Availability Monitoring – Part 4

For the final part of this series on Uptime Monitoring, I’d like to go over my testing methodology. The reporting process is somewhat complicated, so I want to be confident the figures my procedure outputs are correct. Here again, is the sample data I am working with:

Timeline

LogDate

UptimeMinutes

2013-08-21 12:00:00 100
2013-08-21 14:15:00 115
2013-08-22 08:15:00 1070
2013-09-03 08:45:00 17300

Again, for the sake of our discussion, let’s assume the current time is 9/3/13 8:46 AM and the server is still running.

The blue bars represent periods where our SQL Server is up and running. The times between are times the server is down.

To fully verify this procedure, I want to run it using various reporting start and end times in order to test the different scenarios I talked about in Part 3 and compare that to my manually calculated results. Here is the data I used for testing and my manual calculations:

Report Start

Report End

Scenario

Uptime (min)

Total Report Time (min)

Availability Percentage

Margin Of Error (min)

8/21 10:25

8/21 10:35

1

(special case)

10

10

100

0

8/21 10:25

8/21 12:15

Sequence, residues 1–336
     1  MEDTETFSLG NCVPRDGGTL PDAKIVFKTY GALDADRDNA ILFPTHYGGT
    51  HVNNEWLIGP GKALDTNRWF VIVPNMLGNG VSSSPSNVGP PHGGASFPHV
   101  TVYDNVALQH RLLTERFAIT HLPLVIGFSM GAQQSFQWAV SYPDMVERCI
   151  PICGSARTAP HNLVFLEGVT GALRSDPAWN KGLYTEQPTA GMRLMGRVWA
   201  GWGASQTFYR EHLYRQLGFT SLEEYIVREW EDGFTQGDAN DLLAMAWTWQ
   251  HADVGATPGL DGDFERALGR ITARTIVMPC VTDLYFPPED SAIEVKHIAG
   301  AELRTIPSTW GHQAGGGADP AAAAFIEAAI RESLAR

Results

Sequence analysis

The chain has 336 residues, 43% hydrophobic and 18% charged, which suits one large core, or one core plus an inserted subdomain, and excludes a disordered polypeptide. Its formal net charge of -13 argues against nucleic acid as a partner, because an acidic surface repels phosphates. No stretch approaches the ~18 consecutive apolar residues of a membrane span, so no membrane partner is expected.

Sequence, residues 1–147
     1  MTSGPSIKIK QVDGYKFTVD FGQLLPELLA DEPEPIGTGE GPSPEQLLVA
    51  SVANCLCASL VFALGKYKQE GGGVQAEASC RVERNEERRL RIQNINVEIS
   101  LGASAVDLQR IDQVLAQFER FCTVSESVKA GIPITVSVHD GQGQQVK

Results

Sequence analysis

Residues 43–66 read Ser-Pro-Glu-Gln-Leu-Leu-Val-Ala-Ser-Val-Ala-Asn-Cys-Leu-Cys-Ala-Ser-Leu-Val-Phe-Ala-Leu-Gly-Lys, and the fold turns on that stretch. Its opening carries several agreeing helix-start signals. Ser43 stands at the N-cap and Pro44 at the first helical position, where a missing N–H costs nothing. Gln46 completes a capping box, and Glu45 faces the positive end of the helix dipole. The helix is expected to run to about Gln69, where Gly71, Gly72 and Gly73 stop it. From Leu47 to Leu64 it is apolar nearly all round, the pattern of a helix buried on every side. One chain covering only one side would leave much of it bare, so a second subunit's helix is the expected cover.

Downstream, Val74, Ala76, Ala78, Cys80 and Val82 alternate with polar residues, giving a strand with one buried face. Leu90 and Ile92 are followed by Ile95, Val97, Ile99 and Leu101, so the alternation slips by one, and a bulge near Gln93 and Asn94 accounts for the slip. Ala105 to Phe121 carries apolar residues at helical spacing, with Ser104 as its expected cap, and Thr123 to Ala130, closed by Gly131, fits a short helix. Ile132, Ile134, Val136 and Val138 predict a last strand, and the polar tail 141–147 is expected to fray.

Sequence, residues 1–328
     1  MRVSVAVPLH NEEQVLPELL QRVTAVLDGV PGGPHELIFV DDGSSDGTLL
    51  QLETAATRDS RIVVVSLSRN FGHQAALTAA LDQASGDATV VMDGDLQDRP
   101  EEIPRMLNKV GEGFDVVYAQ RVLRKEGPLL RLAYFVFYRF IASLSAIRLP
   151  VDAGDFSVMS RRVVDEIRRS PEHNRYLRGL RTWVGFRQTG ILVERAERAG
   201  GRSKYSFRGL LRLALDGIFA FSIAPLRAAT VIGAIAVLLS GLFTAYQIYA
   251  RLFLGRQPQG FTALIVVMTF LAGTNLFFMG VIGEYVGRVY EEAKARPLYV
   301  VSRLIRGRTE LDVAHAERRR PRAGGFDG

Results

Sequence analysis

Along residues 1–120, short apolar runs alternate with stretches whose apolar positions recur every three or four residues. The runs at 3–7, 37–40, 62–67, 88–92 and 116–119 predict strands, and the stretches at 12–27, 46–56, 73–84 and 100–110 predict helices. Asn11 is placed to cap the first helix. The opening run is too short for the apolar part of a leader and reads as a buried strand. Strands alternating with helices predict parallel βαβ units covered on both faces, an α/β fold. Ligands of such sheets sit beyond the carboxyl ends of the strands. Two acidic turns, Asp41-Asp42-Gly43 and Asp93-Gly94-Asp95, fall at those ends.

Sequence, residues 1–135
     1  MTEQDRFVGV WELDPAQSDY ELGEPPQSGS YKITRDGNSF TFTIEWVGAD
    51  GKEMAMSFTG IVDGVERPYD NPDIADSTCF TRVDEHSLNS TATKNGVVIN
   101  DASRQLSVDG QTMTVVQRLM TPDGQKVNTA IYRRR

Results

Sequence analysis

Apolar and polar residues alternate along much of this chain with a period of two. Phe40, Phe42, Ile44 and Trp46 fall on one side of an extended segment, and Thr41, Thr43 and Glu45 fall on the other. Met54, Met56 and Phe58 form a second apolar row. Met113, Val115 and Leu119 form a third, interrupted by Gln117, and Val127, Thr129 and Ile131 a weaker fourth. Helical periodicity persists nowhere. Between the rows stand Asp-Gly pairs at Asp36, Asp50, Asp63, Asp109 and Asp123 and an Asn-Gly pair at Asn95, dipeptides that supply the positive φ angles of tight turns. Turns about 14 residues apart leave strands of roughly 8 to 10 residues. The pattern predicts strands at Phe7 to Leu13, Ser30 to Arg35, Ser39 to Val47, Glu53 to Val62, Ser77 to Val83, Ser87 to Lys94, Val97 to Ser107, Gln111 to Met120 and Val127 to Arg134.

3

95

110

86.36

5

8/21 12:15

8/21 12:30

2

10

15

66.67

5

8/21 12:15

8/22 8:20

4

1185

1205

98.34

20

8/21 14:20

8/21 14:22

4

(special case)

0

2

0

0

8/22 8:30

8:22 8:45

1

(special case)

15

15

100

0

8/21 12:30

8/21 13:00

1

(special case)

30

30

100

0

8/21 12:30

8/22 8:30

1

1180

1200

98.33

20

8/21 10:25

8/22 8:30

1

1285

1325

96.98

30

 

The procedure gives the same values for these reporting periods, so I’m pretty confident the code is good. You’ll notice there are a couple of cases where I test a scenario multiple times. This was done to have specific up/down time intervals included  in the report – either the first or last, etc. I also ran a test using no report time parameters so the output would result in numbers for all times covered, but that will varying depending on when you run it (because the final period will keep increasing as time goes one), so I left that off the chart.

Final Thoughts

So what did I learn from all this? First, it’s not a trivial task to get a server to monitor itself for down time. Second, I really enjoyed this challenge. Coming up with a data logging procedure was a fun exercise and the calculation portion required some serious thought. I’m sure there are other logging methods that could achieve the same result (for instance, you could probably only log the start and end times of the logging period, instead of the end time and elapsed minutes), but I can’t see one as having a clear advantage over the other. If anyone has other ideas or thoughts, please leave a comment.

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